How does one deal with victims of trafficking and migrant sex workers? How does one help someone whose only opportunity in life is to go abroad and try to find a better life there and work – and what if it happens to be prostitution then what? What can NGOs, like TAMPEP really do for these people- can they go beyond providing daily necessities of life and address the more underlying sources of their situation?
These are the questions that haunt me while I am driving around Turin and its environs with Unita di Strada or talking to the social workers here at TAMPEP. On the one hand, there is the dissemination of information – on health, AIDS/HIV prevention, STDs – and this is an important part of our work. The aim is to protect the sex workers from diseases they can contract while working; inform them about their rights, access to public health services and lawyers that work pro bono for TAMPEP. Having gone out the street several times now, I can see how important this part is – we are truly empowering these women to take control of their lives, even if only the small part of it, like their health. This has been an empowering lesson for me as well – from an observer, I had become an active advocate of these issues, right here in Turin, talking to Nigerian and Liberian girls about their situation, informing them about TAMPEP, our services ,etc.
But there are also cases of girls who decided to denounce their traffickers – and take advantage of the Article 18, an Italian law that aims at help and protection of victims of trafficking. Sometimes, however, the girls take literal advantage of this law – like in the case of Sara, a girl TAMPEP has been working with since early May. Sara is a young Nigerian, beautiful and bright girl in her late twenties. Like many other girls, she comes from a large Nigerian family with six sisters and three brothers. Sara found her way to TAMPEP through one of our volunteer cultural mediators and was ready to denounce her traffickers almost right on the spot. TAMPEP found a temporary shelter for her and commenced the procedure under the Article 18. One of the first steps was for Sara to write down her story – she recounted being trafficked from Nigeria in 2003 after being approached by a school friend who told her about people in Nigeria that could help her to study and work legally in Italy. While in Nigeria she was encouraged to learn Italian. Later, before departure, she was given fake documents with her real picture but false name. Having arrived into Italy, she was forced into prostitution (also by means of vodoo), later ran away, tried to contact the police, which gave her the notice of expulsion, and finally met TAMPEP staff.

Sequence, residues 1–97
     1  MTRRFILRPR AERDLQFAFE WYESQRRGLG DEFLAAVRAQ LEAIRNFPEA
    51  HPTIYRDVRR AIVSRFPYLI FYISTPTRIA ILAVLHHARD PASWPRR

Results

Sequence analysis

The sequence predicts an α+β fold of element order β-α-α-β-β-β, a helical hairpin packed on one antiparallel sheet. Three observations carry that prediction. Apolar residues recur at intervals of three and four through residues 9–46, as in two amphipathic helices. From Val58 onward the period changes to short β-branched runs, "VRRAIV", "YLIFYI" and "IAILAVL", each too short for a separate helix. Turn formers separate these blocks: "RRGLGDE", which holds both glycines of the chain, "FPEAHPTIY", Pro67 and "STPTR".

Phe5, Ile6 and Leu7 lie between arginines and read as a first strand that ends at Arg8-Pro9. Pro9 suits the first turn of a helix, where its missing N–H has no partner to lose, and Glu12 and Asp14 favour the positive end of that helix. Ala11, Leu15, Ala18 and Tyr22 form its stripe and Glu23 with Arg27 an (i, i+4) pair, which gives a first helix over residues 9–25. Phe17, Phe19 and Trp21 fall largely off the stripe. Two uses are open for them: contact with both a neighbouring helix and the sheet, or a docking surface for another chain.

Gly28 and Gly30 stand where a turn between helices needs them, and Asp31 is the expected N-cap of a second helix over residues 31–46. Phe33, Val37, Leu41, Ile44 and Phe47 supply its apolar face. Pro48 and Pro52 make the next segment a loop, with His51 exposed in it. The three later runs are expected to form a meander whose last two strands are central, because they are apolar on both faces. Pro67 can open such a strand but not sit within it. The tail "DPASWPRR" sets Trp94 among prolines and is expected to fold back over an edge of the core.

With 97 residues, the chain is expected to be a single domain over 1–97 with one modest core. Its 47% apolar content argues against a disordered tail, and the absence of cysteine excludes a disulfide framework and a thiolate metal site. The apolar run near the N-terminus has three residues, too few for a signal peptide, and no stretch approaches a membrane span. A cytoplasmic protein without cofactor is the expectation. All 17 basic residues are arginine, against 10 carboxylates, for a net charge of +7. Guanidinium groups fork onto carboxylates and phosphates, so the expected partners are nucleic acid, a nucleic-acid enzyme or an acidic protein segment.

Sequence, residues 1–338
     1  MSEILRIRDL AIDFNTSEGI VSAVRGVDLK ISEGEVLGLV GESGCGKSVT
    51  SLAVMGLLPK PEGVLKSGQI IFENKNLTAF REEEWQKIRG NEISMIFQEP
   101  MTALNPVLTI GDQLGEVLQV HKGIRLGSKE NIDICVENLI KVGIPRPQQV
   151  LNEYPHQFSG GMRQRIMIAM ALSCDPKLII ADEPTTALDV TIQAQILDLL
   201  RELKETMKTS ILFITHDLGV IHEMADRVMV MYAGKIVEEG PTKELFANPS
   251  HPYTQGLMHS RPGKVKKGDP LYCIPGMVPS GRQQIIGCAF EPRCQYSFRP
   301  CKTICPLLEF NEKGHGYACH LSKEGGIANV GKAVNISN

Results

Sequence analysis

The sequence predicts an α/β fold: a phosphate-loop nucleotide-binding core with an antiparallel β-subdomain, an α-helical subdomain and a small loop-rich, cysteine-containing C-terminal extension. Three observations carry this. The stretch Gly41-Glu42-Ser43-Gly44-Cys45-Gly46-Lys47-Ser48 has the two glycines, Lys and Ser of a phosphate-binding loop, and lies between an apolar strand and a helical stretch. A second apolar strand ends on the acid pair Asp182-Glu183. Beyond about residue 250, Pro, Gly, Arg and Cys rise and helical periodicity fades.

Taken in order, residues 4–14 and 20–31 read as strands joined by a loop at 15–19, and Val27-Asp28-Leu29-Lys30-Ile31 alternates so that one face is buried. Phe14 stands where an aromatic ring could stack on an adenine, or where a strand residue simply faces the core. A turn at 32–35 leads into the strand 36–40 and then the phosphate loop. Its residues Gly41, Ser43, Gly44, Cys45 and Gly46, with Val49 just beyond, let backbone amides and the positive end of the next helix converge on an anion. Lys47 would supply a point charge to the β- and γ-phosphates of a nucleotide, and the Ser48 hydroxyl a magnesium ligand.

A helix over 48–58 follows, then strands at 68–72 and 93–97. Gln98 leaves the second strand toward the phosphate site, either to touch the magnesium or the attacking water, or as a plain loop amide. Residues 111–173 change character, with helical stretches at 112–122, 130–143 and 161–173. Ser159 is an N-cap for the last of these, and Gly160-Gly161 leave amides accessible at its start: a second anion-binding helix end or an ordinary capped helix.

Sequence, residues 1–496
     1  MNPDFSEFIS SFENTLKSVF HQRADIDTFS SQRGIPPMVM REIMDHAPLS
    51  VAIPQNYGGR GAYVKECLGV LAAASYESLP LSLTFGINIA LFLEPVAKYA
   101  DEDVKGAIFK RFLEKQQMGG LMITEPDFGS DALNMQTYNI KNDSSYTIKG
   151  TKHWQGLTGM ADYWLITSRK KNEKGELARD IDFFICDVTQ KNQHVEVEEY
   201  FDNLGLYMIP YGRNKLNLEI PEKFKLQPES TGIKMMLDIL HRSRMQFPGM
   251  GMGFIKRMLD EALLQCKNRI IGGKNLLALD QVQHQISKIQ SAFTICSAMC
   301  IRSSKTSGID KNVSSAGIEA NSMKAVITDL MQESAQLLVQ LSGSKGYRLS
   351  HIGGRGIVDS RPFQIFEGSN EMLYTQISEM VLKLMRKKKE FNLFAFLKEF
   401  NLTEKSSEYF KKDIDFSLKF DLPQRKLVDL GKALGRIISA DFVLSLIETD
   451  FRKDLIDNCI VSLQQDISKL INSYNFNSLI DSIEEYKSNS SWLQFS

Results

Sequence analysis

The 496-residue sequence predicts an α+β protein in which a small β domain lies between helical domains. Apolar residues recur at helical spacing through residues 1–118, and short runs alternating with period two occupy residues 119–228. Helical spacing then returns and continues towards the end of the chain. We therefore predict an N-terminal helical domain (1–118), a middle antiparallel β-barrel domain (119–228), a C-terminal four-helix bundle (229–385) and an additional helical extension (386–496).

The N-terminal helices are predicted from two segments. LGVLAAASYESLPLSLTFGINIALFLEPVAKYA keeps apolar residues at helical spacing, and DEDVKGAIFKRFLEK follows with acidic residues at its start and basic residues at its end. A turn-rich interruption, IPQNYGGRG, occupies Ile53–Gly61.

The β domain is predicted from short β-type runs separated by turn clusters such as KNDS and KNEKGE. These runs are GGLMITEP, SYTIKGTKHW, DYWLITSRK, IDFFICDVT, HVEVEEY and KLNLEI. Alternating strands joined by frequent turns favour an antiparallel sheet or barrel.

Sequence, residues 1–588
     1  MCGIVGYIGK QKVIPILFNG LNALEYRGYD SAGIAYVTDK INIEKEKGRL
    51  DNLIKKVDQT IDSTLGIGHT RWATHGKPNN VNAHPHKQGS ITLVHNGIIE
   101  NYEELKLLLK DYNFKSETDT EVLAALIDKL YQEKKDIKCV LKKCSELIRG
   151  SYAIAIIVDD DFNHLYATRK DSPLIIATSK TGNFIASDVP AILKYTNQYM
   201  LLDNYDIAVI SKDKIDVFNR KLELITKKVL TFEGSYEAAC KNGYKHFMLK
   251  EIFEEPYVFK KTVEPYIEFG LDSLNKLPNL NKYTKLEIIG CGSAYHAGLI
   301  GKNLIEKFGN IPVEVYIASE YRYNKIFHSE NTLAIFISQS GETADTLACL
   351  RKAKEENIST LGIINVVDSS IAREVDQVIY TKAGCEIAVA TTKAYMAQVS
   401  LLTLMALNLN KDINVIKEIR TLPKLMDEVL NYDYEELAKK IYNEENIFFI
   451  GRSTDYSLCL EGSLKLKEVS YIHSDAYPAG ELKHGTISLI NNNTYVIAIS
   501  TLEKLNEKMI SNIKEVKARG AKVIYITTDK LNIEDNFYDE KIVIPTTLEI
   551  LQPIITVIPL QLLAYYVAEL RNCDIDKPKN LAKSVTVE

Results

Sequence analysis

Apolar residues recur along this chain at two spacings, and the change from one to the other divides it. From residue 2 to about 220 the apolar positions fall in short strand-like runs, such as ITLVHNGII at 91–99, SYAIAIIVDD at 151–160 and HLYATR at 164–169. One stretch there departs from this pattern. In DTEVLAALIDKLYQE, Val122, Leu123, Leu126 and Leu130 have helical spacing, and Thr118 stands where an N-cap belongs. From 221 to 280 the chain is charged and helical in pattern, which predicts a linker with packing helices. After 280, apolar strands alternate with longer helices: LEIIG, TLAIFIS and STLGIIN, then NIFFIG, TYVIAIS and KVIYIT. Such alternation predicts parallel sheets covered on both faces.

What really is true about this story is hard to tell – it surely sounds like a classical case of a trafficked victim. TAMPEP staff verified it and found out that Sara was already deported from Italy before 2003 and later came back. Even if her first arrival into Italy in the late 1990s was a case of trafficking, next time she came back voluntarily, being aware of the conditions in Italy and her possible work.
Although there is no doubt that Sara needs help, there is now little that TAMPEP can do for her – she faces deportation and stands little chance of staying in Italy legally. Her case exemplifies however the desperation of these girls to legalize their situation and get a better life in Italy; also, the way in which girls can take advantage of the system in place. Can we judge them and condemn them for that, however? Only those who have seen the absolute poverty and life without opportunities that these girls have to face can have any notion of it. In the end, if your only opportunity for a better life is trafficking and prostitution is that a choice at all?
Posted By Ewa Sobczynska
Posted Jul 20th, 2005